631 et seq.).
    (3) Government Printing and Binding Regulations, U.S. Congress Joint 
Committee on Printing (1977).
    (4) Occupational Safety and Health Programs for Federal Employees 
under Executive Order 12196 of February 26, 1980 (29 CFR 1960.1-
1960.90).
    (5) Federal Managers' Financial Integrity Act of 1982 (31 U.S.C. 
3512).
    (6) National Security Information under Executive Order 12356 of 
April 6, 1982.
    (7) Government Performance and Results Act of 1993 (31 U.S.C. 1101 
et seq.).
    (8) Recommendations of the Report of the National Performance Review 
(September 1993).
    (b) The Executive Director appoints personnel, reviews and approves 
policies and procedures, and assures appropriate resources to implement 
the programs set forth in paragraph (a) of this section, and authorizes 
and transmits reports required by them.
    (c) The Executive Director also designates certifying officers for 
agency payments, prescribes procurement regulations, enters into 
contracts, designates contracting officers, and makes procurement 
determinations.
    (d) As the Chief Operating Officer of the Commission, the Executive 
Director shall be responsible for:

[[Page 12]]

    (1) Implementing the goals of the President and the Chairman and the 
mission of the Commission;
    (2) Providing overall organizational management to improve agency 
performance;
    (3) Assisting the Chairman in promoting ongoing quality improvement, 
developing strategic plans, and measuring results;
    (4) Directing ongoing reengineering of the Commission's 
administrative processes;
    (e) Overseeing Commission-specific application of performance 
measures, procurement reforms, personnel reductions, financial 
management improvements, telecommunications and information technology 
policies, and other government-wide systems reforms adopted as a result 
of the recommendations of the National Performance Review; and
    (f) Reforming the Commission's management practices by incorporating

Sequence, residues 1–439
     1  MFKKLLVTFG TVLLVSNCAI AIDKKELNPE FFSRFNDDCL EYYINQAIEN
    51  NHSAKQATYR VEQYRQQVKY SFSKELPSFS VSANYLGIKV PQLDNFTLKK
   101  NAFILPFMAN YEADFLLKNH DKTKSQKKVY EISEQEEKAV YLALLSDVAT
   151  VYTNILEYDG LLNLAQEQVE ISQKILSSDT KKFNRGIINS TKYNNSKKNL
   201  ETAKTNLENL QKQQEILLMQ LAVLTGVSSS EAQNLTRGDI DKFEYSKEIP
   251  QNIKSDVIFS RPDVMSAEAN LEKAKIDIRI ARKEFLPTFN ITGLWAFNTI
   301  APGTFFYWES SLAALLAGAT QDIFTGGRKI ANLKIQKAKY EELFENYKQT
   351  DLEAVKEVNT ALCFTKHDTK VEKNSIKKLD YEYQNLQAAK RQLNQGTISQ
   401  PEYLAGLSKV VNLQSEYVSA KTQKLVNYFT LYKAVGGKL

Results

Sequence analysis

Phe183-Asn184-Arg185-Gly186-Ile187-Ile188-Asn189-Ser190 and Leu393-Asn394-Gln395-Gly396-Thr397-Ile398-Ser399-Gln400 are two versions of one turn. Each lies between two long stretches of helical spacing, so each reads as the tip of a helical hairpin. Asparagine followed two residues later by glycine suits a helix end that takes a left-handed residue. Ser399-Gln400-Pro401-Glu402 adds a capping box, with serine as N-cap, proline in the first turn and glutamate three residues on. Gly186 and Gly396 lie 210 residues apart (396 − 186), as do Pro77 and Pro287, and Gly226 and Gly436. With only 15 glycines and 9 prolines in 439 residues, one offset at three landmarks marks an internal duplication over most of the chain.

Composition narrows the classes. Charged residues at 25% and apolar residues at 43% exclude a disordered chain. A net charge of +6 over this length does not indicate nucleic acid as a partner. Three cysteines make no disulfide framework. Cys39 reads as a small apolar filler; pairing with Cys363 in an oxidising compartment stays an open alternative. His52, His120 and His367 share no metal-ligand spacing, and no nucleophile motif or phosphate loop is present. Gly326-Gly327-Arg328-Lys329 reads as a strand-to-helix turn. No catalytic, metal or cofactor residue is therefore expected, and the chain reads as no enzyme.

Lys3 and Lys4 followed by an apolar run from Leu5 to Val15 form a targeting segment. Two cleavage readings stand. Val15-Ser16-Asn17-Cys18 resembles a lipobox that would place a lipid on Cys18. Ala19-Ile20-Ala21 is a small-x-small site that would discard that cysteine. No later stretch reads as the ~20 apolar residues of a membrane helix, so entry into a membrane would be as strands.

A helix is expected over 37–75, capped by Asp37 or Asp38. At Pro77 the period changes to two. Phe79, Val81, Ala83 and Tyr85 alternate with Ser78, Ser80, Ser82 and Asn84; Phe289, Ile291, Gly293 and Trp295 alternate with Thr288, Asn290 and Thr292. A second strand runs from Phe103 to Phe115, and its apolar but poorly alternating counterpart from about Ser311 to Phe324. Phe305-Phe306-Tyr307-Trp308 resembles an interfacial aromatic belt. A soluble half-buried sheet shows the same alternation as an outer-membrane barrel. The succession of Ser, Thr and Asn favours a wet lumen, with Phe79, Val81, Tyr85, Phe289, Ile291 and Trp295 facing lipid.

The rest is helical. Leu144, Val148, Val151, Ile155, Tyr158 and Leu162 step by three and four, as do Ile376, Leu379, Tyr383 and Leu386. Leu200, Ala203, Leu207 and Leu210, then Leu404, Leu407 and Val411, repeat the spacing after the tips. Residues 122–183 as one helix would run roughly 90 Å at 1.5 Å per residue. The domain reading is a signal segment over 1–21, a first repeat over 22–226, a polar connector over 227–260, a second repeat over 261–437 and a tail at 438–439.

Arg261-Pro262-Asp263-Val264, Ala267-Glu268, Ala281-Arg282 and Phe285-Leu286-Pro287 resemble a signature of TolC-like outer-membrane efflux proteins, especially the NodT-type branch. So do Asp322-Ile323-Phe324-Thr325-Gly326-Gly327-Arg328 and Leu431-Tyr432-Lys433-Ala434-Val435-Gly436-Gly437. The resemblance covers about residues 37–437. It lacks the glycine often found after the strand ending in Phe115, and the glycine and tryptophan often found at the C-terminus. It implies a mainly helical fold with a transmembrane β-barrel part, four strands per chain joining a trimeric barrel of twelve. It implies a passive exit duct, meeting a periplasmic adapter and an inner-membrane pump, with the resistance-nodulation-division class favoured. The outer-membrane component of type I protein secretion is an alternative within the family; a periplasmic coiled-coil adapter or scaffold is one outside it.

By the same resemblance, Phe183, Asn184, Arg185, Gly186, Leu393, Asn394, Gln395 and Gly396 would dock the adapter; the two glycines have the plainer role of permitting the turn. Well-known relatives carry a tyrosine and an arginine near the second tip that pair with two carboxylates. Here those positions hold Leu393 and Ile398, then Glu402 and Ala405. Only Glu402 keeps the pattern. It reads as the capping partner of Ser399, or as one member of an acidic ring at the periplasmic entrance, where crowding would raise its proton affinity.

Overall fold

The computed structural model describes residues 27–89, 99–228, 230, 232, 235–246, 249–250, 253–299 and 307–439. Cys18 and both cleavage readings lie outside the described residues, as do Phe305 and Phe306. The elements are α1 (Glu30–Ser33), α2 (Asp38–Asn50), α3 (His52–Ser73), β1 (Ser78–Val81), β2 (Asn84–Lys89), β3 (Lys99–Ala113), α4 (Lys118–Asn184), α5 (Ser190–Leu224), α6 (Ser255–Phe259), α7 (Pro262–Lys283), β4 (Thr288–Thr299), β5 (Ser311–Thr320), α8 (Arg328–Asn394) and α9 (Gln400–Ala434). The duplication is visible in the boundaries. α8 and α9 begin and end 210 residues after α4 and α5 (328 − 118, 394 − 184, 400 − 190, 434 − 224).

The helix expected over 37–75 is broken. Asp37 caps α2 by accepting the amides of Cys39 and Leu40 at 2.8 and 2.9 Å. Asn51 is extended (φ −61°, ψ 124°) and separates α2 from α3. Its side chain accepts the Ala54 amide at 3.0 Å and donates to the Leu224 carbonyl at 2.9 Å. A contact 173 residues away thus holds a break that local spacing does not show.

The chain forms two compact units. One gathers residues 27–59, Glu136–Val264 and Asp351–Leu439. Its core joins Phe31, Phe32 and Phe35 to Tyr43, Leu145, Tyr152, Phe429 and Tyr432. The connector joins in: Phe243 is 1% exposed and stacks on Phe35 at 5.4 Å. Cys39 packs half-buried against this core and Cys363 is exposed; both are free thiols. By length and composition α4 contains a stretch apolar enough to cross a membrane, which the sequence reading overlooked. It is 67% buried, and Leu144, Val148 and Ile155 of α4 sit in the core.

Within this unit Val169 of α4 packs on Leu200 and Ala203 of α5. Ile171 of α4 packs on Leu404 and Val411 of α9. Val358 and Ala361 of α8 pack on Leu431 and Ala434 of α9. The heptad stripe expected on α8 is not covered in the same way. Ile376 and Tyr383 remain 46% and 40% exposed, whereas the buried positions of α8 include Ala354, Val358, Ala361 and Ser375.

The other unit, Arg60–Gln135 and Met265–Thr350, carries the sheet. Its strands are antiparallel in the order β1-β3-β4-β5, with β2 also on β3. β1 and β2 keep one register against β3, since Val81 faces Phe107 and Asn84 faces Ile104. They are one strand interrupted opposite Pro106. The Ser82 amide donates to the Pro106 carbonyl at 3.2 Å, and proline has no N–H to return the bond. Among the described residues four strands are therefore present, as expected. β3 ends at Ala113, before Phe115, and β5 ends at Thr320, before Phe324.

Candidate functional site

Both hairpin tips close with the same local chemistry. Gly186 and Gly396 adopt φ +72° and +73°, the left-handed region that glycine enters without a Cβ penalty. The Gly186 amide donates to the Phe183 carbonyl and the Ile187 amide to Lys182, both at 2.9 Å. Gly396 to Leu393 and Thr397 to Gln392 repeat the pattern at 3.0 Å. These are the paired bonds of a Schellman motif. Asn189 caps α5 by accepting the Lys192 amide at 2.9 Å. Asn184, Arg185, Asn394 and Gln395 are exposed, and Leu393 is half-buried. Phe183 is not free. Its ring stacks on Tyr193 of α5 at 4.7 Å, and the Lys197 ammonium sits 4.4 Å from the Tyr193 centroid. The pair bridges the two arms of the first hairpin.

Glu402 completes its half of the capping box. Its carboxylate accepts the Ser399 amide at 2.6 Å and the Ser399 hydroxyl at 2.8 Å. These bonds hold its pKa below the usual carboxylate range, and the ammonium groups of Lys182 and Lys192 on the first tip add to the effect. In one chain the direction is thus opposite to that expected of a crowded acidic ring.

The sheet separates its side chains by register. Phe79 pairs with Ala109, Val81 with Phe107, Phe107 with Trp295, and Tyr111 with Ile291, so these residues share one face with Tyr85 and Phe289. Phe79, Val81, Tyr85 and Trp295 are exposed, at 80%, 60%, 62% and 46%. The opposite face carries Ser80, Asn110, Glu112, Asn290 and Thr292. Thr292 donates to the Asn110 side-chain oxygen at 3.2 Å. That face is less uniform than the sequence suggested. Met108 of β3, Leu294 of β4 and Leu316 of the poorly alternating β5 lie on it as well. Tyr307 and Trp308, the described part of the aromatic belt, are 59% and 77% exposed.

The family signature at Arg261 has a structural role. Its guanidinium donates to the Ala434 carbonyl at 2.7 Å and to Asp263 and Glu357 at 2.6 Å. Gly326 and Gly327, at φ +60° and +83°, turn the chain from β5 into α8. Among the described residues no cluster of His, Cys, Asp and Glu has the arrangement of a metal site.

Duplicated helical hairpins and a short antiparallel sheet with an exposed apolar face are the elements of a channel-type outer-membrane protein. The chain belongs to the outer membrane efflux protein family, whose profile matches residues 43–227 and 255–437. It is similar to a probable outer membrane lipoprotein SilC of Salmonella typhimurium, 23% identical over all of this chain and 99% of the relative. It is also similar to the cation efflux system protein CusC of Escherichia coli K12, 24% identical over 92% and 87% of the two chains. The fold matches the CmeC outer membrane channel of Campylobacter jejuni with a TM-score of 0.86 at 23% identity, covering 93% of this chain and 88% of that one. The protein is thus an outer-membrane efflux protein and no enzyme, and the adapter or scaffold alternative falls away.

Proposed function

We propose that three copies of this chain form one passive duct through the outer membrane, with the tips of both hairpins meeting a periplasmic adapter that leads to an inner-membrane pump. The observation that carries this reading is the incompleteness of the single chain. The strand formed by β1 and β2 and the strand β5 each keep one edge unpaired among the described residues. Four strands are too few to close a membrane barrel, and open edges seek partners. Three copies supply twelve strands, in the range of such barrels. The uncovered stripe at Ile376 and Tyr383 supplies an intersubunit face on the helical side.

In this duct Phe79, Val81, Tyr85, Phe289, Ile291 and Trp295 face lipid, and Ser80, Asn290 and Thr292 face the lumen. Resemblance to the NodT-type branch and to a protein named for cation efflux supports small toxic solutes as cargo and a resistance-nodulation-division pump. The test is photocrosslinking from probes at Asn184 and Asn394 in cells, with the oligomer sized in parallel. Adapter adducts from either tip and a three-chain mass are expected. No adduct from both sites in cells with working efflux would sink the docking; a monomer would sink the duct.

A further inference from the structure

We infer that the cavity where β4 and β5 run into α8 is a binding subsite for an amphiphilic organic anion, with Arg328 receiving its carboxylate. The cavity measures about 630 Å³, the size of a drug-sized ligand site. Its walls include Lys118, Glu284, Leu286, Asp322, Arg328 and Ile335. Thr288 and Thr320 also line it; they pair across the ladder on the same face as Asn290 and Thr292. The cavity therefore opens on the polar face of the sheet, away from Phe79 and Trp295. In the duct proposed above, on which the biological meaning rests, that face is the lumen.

the principles of the National Performance Review into day-to-day 
management.

[60 FR 14624, Mar. 20, 1995]



Sec.  200.13a  The Secretary of the Commission.

    (a) The Secretary of the Commission is responsible for the 
preparation of the daily and weekly agendas of Commission business; the 
orderly and expeditious flow of business at formal Commission meetings; 
the maintenance of the Official Minute record of all actions of the 
Commission; and the service of all instruments of formal Commission 
action. He or she is custodian of the official seal of the Commission, 
and also has the responsibility for authenticating documents.
    (b) The Secretary has been delegated responsibilities relating to 
the Commission's rules of practice, administrative proceedings under the 
Commission's statutes, and other responsibilities.
    (c) In addition, he or she administers the Commission's Library.

[50 FR 12239, Mar. 28, 1985]



Sec.  200.13b  Director of the Office of Public Affairs, Policy 
Evaluation, and Research.

    The Director of the Office of Public Affairs, Policy Evaluation, and 
Research is the chief public information officer for the Commission, and 
oversees activities that communicate the Commission's actions to those 
interested in or affected by them. His or her responsibilities include 
liaison with the news media, dissemination of information to the news